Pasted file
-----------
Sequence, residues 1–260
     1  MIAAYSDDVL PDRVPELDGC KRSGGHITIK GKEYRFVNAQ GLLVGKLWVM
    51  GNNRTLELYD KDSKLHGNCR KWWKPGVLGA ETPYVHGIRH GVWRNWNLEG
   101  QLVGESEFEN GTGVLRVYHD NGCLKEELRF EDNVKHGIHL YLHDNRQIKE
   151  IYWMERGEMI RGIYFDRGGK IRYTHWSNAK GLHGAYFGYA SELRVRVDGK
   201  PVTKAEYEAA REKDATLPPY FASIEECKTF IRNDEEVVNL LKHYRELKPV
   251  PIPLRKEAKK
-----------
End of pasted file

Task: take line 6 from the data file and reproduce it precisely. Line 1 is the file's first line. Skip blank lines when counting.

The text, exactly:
   201  PVTKAEYEAA REKDATLPPY FASIEECKTF IRNDEEVVNL LKHYRELKPV